3 Materials and Methods

3.1 Maize SOD family identification

The hidden Markov model of the SOD family (PF02777, PF00080, PF00081) was obtained from the Pfam online database ( (Punta et al., 2008). Gene ID, protein ID and protein sequences associated with the maize SOD gene family were searched using the Ensembl Plants online database. The redundant sequences were removed, resulting in a repeat-free gene, transcript and protein ID, protein sequence and number of exons. Protein structure detection was performed using CDD and SAMR online sites (Marchler-Bauer et al., 2009). Finally, the ProtParam online database was used to obtain information about SOD protein in maize, such as protein ID, chromosomal location, protein sequence, number of exons, molecular weight, number of amino acids, and isoelectric point.


3.2 Chromosome location analysis of SOD gene in Maize

The SOD gene database information in maize was used to find the length and location of maize chromosomes from Ensemble Plants. MapChatr software was used to draw genes and find relative positions on chromosomes. The physical location of genes on chromosomes was mapped (Wang et al., 2011).


3.3 Protein structure analysis of maize SOD family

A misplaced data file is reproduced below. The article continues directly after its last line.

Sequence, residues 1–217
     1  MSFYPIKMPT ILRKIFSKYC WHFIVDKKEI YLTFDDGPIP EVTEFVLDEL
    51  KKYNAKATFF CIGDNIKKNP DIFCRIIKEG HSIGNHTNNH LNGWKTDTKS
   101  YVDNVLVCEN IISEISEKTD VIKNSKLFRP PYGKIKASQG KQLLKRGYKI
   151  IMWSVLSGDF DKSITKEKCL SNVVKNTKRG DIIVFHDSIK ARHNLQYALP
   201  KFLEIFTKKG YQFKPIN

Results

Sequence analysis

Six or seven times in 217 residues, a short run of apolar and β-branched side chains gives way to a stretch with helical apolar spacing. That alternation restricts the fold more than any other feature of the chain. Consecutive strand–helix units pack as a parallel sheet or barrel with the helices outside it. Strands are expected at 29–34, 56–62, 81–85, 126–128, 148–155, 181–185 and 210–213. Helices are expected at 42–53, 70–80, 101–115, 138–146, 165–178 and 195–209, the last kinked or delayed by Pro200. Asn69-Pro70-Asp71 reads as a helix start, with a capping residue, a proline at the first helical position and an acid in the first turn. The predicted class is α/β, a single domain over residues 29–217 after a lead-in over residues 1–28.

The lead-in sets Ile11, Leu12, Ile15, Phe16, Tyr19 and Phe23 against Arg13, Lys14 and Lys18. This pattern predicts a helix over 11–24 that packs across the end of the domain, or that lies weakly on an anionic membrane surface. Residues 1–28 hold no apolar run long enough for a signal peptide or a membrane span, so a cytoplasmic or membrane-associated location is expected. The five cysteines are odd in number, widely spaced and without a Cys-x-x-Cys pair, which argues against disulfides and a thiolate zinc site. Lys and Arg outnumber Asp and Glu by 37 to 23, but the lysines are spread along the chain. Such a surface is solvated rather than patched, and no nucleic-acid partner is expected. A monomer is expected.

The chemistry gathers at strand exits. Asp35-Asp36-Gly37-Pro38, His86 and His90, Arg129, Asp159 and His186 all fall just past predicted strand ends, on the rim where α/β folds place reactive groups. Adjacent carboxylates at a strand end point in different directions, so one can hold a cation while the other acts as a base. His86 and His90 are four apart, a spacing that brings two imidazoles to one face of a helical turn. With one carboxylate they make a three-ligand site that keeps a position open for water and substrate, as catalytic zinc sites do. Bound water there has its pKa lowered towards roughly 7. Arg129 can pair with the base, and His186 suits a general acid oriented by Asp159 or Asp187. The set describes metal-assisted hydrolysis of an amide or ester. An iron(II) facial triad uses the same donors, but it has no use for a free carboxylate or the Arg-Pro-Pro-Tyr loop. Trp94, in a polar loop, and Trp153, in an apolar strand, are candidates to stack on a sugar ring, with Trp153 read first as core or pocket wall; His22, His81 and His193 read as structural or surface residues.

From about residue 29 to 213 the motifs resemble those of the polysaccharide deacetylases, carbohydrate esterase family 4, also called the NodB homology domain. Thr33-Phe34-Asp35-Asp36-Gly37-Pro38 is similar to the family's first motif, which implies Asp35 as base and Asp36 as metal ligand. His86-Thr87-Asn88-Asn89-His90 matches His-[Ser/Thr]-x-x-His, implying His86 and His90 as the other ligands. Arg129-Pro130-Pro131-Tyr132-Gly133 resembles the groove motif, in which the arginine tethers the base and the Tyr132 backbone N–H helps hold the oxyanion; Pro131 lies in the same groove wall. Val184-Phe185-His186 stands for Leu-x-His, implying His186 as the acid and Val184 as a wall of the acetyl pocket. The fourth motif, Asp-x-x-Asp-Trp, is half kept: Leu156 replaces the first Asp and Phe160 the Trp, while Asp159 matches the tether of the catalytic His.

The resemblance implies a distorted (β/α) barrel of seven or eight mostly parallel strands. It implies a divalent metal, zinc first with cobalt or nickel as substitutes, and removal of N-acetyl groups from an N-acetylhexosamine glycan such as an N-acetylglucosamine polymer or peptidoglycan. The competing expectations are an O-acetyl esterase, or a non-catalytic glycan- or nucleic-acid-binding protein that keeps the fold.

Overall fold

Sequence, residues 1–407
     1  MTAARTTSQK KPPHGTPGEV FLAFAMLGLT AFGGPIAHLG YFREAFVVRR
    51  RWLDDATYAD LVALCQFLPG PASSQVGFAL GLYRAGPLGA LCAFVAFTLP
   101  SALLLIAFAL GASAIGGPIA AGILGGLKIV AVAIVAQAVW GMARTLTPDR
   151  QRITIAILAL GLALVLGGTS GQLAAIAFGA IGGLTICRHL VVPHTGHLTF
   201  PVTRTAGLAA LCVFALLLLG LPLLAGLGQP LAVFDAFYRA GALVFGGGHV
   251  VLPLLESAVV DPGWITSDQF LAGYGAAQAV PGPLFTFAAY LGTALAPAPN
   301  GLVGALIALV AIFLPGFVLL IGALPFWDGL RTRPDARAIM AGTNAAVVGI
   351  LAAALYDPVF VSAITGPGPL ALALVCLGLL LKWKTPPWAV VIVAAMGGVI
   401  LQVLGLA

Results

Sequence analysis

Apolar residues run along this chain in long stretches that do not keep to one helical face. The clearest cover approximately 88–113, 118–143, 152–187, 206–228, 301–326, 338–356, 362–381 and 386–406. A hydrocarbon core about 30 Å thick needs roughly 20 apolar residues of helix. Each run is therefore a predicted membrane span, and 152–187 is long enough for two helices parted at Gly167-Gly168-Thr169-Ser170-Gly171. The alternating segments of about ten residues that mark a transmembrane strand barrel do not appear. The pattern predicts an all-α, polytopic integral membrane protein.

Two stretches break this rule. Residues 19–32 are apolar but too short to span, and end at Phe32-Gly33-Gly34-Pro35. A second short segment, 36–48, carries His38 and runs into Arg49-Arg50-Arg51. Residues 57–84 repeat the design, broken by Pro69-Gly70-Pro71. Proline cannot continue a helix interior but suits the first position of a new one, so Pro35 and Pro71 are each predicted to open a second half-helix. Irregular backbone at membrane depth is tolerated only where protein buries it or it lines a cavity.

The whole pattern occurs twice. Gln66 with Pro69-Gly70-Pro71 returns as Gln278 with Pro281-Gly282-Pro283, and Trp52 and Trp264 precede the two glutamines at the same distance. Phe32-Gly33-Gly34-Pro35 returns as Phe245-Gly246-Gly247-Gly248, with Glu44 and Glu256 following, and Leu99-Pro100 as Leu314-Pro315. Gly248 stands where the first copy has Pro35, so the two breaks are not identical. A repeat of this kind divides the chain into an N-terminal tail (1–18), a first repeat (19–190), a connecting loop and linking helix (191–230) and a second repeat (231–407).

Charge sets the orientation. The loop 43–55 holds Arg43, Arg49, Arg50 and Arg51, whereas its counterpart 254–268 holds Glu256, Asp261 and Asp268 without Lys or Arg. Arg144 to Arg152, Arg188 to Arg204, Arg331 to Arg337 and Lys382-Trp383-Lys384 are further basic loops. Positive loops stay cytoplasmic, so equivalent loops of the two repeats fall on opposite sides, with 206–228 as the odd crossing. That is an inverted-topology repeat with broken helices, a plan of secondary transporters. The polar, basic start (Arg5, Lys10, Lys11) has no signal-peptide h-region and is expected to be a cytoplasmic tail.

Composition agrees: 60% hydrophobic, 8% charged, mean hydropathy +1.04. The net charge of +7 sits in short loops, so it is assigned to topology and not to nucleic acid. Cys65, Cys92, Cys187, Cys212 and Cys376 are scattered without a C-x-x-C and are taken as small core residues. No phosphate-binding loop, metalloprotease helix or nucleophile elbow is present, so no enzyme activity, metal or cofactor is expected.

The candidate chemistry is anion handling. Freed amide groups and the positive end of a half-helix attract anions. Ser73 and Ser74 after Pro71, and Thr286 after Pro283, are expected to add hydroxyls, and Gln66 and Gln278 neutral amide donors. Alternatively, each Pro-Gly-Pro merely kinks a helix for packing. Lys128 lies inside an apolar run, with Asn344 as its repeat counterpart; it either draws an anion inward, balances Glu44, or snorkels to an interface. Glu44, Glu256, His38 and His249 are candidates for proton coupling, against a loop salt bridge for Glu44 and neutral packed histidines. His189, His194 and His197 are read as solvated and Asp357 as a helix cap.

The SOD protein sequence was analyzed by ProSite online website, and the corresponding domain (Sigrist et al., 2010) of each SOD protein was obtained. The conservative base library (Bailey et al., 2009) of corn CCT was obtained by online MEME tool. The three-dimensional structure of the obtained sequence was predicted by SWISS-MODEL.


3.4 Analysis of maize SOD phylogenetic tree

Using Clustal Omega comparative analysis, the SOD protein sequence of maize was obtained. The evolutionary tree was plotted by adjacency method using MEGA6.0 software, and bootstrap was set to 1000 (Kiefer et al., 2009).


3.5 Evolutionary analysis of SOD family among different species

SOD sequences in sorghum and millet were selected and screened according to 1.1 method. Redundancy was removed. SOD protein sequences of these two species were compared with those of maize. The results showed that the evolutionary tree was drawn by adjacency method using MEGA6.0 software, and bootstrap was set to 1000 (Tamura et al., 2013).


4 Conclusion

Fifteen SOD family members were identified by bioinformatics. Clustering analysis with millet, sorghum and SOD gene family, structural domain, gene structure and chromosome distribution, and other bioinformatics information showed that these genes were conservative in the evolutionary process, which could reveal the function of SOD protein family in Maize by genetic engineering in the future. It can provide a theoretical basis for the improvement of maize varieties.


Authors' contributions

GD carried out the molecular genetic studies, participated in the sequence alignment and drafted the manuscript. XHL, ZBY participated in the sequence alignment. MW, DZS, LCF participated in the design of the study and performed the statistical analysis. ZM conceived of the study, and participated in its design and coordination and helped to draft the manuscript. All authors read and approved the final manuscript.



The Key National Research and Development Program of China (2016YFD0300207, 2017YFD0301307)